One alternative to deal with the current harmonics generated by traditional rectifiers is to use active power filters (APF). Considering the electronic equipment with traditional rectifier as nonlinear loads to the ac main, a three-phase APF is a device that is connected in parallel to and cancels the reactive and harmonic currents from one or a group of nonlinear loads so that the resulting total current drawn from the ac main is sinusoidal as shown in FIG. 3. By comparison, it will be noted that where a PFC unit is usually inserted in the energy pass, which processes all the power and corrects the current to unity power factor, APF provides only the harmonic and reactive power to cancel the one generated by the nonlinear loads. In this case, only a small portion of the energy is processed, which may result in overall higher energy efficiency and higher power processing capability. Most APF control methods proposed previously need to sense the three-phase line voltages and the three-phase nonlinear load currents, and then manipulate the information from these sensors to generate three-phase current references for the APF. Since the reference currents have to reflect the load power of the nonlinear load, several multipliers are needed to scale the magnitude of the current references. A control loop is necessary to control the inverter to generate the reactive and harmonic current required by the nonlinear load. These functions are generally realized by a digital signal processing (DSP) chip with fast analog-to-digital (A/D) converters and high-speed calculations. The complex circuitry which results in high cost and unreliable systems, often prevents this technique from practical applications. Some approaches that sense the mains line current were reported for single-phase APF and for three-phase APF. The overall circuitry is reduced. However, multipliers, input voltage sensors are still necessary. High speed DSPs are still used in three-phase systems due to the complexity of the systems.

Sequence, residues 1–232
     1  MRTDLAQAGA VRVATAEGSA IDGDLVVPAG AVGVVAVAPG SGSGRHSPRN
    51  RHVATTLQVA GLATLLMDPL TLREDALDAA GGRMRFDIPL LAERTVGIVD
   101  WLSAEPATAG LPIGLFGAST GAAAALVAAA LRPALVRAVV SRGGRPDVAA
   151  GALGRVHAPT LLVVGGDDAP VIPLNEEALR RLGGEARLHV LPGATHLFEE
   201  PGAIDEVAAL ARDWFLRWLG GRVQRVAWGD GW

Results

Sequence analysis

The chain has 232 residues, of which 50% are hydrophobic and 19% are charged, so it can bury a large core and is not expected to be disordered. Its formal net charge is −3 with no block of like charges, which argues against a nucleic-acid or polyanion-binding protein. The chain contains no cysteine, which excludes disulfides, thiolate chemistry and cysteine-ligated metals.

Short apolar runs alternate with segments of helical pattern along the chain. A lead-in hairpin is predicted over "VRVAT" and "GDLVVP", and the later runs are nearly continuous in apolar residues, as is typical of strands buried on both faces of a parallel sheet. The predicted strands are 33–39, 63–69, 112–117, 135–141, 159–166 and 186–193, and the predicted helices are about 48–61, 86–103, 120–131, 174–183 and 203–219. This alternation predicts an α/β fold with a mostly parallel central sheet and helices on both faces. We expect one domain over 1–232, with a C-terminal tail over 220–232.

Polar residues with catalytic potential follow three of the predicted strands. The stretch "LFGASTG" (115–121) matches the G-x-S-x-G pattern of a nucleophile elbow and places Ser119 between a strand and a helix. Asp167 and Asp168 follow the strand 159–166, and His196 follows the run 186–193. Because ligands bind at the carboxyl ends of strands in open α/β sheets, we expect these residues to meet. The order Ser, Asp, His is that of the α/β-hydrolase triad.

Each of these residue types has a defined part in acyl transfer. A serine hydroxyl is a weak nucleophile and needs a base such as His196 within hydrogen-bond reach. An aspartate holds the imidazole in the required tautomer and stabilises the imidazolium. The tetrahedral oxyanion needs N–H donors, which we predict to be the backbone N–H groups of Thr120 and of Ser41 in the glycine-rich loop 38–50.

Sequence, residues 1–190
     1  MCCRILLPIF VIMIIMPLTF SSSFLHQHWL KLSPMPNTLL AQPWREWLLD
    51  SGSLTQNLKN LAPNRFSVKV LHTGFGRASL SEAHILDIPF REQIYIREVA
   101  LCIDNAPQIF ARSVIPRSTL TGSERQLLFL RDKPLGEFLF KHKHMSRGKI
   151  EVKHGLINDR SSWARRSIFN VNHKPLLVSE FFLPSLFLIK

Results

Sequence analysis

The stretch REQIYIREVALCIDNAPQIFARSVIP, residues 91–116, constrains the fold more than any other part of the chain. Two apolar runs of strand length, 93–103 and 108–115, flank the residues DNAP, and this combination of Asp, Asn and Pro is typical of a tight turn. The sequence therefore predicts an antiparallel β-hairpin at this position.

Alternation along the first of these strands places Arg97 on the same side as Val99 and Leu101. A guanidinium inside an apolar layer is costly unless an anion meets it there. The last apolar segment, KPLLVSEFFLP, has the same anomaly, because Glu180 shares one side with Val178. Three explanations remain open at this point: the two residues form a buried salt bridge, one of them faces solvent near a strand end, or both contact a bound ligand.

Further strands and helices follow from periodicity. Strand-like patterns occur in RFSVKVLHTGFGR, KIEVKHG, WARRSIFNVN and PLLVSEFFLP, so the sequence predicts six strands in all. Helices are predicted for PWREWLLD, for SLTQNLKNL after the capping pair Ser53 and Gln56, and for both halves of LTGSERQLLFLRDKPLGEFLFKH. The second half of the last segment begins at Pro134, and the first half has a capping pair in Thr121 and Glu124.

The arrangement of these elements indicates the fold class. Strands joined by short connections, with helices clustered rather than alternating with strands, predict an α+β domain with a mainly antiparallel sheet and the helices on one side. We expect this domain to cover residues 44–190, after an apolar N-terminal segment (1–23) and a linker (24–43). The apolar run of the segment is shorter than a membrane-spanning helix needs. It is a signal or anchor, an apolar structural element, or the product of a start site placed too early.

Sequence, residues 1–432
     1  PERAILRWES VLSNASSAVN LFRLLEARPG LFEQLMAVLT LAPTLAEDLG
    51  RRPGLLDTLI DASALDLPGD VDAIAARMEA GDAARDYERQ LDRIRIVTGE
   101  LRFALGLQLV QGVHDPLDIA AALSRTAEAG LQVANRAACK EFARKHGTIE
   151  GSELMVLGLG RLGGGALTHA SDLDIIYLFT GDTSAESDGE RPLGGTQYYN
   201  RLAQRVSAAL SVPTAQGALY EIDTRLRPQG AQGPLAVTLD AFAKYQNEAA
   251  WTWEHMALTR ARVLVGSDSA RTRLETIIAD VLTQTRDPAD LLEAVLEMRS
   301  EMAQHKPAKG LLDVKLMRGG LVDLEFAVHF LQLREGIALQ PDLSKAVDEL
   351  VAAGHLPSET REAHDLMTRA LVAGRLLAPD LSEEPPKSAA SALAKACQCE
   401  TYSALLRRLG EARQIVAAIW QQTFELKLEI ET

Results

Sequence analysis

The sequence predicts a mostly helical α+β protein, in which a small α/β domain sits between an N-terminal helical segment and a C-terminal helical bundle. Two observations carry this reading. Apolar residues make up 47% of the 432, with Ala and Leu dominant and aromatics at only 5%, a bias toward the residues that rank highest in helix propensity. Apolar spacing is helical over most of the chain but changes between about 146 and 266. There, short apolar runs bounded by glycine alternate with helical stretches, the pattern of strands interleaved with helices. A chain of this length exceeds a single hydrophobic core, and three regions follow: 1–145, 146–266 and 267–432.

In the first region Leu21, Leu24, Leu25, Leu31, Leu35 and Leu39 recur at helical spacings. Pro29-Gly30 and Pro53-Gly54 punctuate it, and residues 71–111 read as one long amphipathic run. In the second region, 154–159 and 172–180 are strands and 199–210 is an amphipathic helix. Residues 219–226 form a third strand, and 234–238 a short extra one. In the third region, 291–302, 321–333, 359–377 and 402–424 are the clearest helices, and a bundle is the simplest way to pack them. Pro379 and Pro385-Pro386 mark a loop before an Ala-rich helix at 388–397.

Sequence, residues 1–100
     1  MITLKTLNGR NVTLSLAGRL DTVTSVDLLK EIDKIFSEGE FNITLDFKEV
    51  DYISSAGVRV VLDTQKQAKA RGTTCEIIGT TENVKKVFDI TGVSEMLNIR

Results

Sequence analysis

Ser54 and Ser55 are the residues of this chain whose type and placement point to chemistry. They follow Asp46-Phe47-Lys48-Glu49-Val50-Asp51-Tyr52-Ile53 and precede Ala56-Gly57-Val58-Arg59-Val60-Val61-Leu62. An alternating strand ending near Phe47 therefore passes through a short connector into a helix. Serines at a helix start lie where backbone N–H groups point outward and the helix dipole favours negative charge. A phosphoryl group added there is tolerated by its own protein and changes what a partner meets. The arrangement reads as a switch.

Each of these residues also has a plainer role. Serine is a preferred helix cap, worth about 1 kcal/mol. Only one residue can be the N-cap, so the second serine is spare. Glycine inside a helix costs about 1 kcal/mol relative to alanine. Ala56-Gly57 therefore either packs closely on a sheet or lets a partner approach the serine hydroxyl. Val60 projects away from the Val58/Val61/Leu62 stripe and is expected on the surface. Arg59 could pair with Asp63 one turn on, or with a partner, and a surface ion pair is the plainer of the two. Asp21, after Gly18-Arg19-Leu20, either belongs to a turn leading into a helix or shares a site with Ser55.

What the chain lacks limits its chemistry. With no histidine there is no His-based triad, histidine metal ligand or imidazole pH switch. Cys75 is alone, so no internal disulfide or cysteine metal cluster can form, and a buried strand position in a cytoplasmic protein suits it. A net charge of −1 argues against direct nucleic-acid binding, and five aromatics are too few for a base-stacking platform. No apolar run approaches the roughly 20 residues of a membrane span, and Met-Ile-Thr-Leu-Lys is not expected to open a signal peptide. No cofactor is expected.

Grid-connected Inverters

Distributed power generation is the trend in the future in order to promote new power generation technologies and reduce transmition costs. An effective use of natural resources and renewable resources as alternatives of fossil and nuclear energy in generation of electricity has the effect of protecting the environment. In order for the alternative energy sources to impact the energy supply in the future, they need to be connected to the utility grid. Therefore, grid-connected inverters are the key elements for the distributed power generation systems.

A grid-connected inverter is a device that converts dc power to ac power of single phase or three-phases that is injected to the utility grid. In order for an alternative energy source to be qualified as a supplier, sinusoidal current injection is required as shown in FIG. 4. Again, control methods are cruicial. In the past, d-q transformer modulation based on digital implementation was often employed for a standard six-switched bridge inverter topology. The complexity results in low reliability and high cost. In addition, short-through hazard exists in this inverter.

SUMMARY OF THE INVENTION